Wednesday, May 4, 2011


When it's time to celebrate Spring with flowers, some seed science experiments are exactly what you need. Hands-on plant growing is so much fun for the kids - they will learn by doing and will be so proud of what they accomplish!

Grow something! Pick out some seeds with your child and get ready to get dirty! Make sure that you plant more than you need, to avoid any disappointment if things don't all grow. Sunflower seeds are always popular and easy to handle, but any seeds will do. I used zinnias this time, but have done all different flowers - and vegetables! Noting the differences in the seeds when working with a variety is fun, too!

Try a few different "experiments" with seeds:

1. Grass "Hair" - take a plain paper cup (somewhat sturdy) and draw a face on it - make it silly! Fill about two-thirds full with dirt and then add some grass seed. Water and leave in the sun and in a few days you will have grass "hair" sprouting! (I've also seen these done with character paper cups and with egg shells!) When it grows tall, you can give it a haircut! :)

2. Dirt/No-dirt planting: You will need a few of the same variety of seeds, along with dirt, a paper or plastic cup, a sandwich-sized plastic bag and a good paper towel. Plant two or three seeds in dirt in the cup, give it water and set in the sun. Then, soak the paper towel in some water, squeeze and fold into a square to fit in the plastic bag. Add a few seeds on the towel and seal up. Hang in sunlight in a window. In a few days, you will start to observe the seeds in the bag beginning to grow roots - it's fascinating for the children to observe.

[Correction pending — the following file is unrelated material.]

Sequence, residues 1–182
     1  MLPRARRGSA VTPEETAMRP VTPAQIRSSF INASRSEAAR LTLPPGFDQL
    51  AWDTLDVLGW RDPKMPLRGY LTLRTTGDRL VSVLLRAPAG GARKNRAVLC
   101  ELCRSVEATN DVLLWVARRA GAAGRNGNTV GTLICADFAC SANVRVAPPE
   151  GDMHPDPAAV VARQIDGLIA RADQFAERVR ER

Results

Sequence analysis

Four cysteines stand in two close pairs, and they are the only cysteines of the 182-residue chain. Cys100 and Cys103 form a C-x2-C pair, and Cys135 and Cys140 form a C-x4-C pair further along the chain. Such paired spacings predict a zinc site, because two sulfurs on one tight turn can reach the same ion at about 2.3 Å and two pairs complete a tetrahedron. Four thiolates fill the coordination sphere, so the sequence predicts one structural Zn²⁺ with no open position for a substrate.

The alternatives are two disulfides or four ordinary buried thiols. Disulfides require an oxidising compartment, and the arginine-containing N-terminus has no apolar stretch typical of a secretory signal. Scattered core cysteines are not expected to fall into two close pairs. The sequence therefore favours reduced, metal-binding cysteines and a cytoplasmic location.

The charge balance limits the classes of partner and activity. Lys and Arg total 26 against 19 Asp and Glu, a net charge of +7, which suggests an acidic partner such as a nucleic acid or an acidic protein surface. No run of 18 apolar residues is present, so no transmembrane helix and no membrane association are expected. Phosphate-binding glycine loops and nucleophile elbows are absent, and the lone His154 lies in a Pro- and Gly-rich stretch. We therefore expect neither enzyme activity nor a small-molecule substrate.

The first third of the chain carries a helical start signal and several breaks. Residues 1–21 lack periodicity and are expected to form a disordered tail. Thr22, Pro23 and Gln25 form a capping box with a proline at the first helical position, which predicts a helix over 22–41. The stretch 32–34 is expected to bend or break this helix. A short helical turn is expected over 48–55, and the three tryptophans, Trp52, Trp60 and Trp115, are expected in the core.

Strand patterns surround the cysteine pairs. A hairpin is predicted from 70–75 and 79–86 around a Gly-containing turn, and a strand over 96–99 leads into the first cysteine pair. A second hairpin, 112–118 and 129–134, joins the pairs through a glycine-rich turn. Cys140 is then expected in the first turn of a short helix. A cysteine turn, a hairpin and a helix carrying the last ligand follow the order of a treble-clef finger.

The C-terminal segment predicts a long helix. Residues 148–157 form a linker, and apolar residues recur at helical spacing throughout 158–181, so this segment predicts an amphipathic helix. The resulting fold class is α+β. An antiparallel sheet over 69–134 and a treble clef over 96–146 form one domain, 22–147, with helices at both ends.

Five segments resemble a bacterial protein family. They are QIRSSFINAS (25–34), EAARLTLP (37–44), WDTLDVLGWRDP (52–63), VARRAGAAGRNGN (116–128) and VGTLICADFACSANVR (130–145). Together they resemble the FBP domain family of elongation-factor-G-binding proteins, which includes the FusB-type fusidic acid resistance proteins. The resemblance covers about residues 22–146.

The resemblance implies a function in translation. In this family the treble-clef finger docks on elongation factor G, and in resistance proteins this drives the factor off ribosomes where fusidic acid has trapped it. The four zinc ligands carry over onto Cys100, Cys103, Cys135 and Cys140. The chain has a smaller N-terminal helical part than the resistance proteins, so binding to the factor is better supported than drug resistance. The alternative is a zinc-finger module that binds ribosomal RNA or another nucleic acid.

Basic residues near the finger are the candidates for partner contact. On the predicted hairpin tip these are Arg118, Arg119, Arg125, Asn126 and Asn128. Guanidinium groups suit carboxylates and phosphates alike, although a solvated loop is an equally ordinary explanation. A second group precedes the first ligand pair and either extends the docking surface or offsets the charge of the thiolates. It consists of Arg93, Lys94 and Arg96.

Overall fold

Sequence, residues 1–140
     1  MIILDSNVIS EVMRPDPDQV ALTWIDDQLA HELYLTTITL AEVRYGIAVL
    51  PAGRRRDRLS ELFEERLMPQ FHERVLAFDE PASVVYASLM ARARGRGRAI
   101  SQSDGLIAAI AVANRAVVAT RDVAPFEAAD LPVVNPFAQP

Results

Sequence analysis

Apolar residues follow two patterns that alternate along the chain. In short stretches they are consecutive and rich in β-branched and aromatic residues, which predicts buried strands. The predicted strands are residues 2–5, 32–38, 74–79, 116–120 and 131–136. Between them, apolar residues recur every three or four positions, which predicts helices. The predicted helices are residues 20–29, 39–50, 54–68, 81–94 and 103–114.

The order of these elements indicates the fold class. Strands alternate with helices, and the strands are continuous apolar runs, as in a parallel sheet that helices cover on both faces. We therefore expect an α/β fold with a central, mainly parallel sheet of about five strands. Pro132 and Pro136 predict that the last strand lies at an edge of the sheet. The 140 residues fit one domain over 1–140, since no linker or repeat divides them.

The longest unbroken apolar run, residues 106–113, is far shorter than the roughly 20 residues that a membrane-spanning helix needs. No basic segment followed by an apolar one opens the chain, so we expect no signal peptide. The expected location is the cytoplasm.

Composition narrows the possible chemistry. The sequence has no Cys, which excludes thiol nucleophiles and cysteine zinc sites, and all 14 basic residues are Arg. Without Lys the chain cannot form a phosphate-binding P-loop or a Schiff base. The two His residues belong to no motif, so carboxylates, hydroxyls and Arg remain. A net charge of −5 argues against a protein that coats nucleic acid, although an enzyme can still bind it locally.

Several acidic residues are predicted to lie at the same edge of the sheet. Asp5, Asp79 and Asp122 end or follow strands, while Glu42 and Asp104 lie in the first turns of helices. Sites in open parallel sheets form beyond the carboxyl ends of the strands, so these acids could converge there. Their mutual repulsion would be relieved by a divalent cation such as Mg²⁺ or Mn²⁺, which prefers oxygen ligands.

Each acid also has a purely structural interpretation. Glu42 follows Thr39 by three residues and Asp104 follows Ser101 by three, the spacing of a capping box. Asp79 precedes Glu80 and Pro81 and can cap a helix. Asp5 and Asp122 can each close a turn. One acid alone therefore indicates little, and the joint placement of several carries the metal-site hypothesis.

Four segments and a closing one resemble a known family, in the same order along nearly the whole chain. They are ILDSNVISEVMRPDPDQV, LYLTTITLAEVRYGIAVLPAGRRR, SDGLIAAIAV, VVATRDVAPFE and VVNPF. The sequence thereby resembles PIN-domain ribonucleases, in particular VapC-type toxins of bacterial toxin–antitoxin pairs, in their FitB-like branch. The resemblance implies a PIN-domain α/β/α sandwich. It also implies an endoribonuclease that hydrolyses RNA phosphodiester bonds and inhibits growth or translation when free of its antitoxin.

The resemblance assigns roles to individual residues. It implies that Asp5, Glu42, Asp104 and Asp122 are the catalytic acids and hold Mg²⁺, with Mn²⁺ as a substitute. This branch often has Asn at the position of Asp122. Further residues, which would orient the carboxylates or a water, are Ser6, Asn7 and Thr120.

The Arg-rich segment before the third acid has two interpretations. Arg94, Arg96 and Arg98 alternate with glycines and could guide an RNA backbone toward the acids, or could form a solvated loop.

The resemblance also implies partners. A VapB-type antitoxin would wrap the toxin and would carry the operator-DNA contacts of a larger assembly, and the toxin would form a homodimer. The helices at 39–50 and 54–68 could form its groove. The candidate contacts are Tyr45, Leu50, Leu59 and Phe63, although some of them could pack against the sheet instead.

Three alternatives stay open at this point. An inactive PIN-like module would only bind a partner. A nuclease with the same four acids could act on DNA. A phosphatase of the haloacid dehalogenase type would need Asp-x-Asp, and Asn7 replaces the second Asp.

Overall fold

We can't see what's going on in the dirt (unless you have planted a seed close to the edge of a translucent cup!), but soon a sprout or two will come up out of the dirt! Compare the size and growth of the two plantings and, when you have little seedlings in both, replant together into a larger container!

3. Keep a plant diary! Children can make an initial entry, drawing the process of planting and writing or dictating any words. Every day, as new growth or change is noted (or not!), new entries can be made, documenting the process (like a REAL scientist!!) At the end, a picture of the final product will cap it off!

4. To integrate technology into your lesson, take pictures with a digital camera and practice downloading and inserting into a document, where you can make your plant diary digital!

5. Take a few different seed varieties and mount samples on index cards. Cover with clear packing tape and label on the back with your child. Plant each type of seed in a different cup and label (one friend does this in cardboard egg carton cups). As you get plants starting to come up, try to match up the plants with the seeds you have on cards :)  See if the seeds look like the plants in any way! If you're in a classroom, set this up as a science center, updating with pictures of tiny seedlings on cards (again, label on back) as the plants grow bigger. Take new pictures at different stages and soon you will have a sequencing activity, too!

Have fun!!

No comments:

Post a Comment